Insights in EU Higher Education Policy




Name: Alina Jasmin Felder
Political Science
Research Interests: Policy Analysis, European Integration, Europeanization, Regionalization, Governance, Qualitative Research Methods





After her successfully completed dissertation, BAGSS conducted an interview with Alina talking about her thesis and her experiences during her time at the Graduate School.


// What drew you to your dissertation topic and what interests you most about it?

Alina Felder: It was a combination of professional experience and prior research that drew me to my dissertation topic. During my studies, I worked in the field of EU funded cross-border cooperation and more particularly at a foundation that implements cross-border cooperation projects in the field of education. This professional interest also guided the focus of my master thesis where I analyzed the role of the EU Strategy for the Danube Region in matters of vocational training. From my professional experience in this field and from the research I accomplished in my master thesis, a variety of open questions arose that I thought were worth investigating further in the dissertation context. Based on these open questions, I decided to investigate how EU regional policy influences EU higher education policy through higher education institutions.

What interests me the most about my topic is the complexity and thus collision of actors and interests that shape European cooperation in a transition process which is very timely. There are several different EU policies that ought to solve the transition towards the knowledge economy. Next to demographic change and the twin-transitions towards a more digital and green society, it is also issues of knowledge production that will continue to have a major impact on economic growth. The policies supporting the production and dissemination of knowledge do not necessarily share the same stakeholders and even if they do, they will not always engage with each other also because the EU does not have the competences for certain policies such as higher education policy. Nevertheless, European cooperation takes place, and it intrigues me to find out why and how this is the case.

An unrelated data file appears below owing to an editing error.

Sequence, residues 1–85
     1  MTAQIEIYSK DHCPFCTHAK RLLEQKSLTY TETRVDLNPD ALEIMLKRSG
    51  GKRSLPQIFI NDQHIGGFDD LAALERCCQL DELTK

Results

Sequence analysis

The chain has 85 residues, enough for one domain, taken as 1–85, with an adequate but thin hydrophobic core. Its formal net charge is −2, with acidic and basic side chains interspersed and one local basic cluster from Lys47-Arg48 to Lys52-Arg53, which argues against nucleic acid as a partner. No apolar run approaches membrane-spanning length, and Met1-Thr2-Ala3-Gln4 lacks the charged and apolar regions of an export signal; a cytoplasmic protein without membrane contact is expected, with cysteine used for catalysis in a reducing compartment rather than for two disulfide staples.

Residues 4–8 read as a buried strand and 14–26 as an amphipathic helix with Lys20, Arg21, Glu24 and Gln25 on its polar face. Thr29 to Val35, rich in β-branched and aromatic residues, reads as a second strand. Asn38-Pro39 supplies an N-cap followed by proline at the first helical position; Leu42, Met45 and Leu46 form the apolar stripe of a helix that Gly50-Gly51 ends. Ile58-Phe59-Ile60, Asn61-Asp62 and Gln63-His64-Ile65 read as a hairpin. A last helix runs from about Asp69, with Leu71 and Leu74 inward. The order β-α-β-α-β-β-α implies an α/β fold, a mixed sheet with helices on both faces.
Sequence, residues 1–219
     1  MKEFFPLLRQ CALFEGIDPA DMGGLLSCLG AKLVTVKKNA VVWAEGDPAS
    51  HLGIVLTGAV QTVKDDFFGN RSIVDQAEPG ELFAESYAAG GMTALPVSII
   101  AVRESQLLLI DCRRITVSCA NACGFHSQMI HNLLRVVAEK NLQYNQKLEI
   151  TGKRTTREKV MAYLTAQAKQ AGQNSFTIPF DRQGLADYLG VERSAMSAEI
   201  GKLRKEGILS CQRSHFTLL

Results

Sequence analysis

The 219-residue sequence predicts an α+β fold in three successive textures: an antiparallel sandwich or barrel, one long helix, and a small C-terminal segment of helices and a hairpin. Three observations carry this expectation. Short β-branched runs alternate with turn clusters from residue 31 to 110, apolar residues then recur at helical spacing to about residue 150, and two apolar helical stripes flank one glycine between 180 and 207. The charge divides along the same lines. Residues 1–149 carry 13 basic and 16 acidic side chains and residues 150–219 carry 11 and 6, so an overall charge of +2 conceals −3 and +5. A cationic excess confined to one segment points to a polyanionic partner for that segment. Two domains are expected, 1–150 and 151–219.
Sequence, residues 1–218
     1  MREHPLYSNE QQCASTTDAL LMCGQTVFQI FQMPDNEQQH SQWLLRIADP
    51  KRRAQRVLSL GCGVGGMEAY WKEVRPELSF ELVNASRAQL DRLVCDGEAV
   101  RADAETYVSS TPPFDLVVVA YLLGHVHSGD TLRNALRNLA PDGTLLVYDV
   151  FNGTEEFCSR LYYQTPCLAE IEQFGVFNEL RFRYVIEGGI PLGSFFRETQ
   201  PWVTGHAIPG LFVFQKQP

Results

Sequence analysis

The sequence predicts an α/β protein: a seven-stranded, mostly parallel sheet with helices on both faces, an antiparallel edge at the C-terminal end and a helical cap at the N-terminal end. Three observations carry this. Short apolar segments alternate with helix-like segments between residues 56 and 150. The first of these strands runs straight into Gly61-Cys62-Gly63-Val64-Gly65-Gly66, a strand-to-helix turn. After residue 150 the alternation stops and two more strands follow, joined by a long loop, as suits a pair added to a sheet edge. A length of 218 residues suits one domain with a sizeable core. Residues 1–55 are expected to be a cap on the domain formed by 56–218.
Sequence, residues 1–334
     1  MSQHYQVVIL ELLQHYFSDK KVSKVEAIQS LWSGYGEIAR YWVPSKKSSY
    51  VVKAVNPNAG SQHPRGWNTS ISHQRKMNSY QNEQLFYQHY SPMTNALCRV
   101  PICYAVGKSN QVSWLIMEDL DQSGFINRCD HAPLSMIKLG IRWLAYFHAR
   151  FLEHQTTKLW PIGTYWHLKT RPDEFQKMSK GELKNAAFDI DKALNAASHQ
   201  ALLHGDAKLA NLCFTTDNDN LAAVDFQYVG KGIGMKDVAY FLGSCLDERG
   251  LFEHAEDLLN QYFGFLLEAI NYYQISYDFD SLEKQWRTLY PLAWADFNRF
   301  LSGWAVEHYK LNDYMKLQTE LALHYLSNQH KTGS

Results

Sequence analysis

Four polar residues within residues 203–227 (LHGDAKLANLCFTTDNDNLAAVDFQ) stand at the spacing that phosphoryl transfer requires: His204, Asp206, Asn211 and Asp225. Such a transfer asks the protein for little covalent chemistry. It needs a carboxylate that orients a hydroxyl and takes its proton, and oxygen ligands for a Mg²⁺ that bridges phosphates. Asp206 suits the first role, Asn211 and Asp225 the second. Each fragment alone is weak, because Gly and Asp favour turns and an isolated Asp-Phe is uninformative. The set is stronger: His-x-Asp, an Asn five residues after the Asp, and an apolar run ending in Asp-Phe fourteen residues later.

// Can you give us a small sneak peek about the findings of your thesis?

Alina Felder: By setting my dissertation project at the intersection of different knowledge policies, I was able to gain new insights into EU public policy. There are four main takeaways from my thesis, which aimed to answer the question of how EU regional policy, as a traditional EU policy with substantial funding, influences the comparatively weak EU higher education policy. First, my analysis shows that EU policy to strengthen the knowledge economy have fostered links between different EU policies addressed to higher education institutions. My second analytical step on the use of EU funds for cross-border cooperation indicates that higher education institutions in border regions enter into cooperative relationships both as a result of EU funding and independently of it. Third, I show that the use of EU funding influences not only the means but also the objectives of cross-border cooperation between higher education institutions. Finally, my dissertation shows that cross-border cooperating universities that have used EU funding not only seek to benefit again from EU funds from regional policy, but also to shape other EU policies relevant for higher education institutions.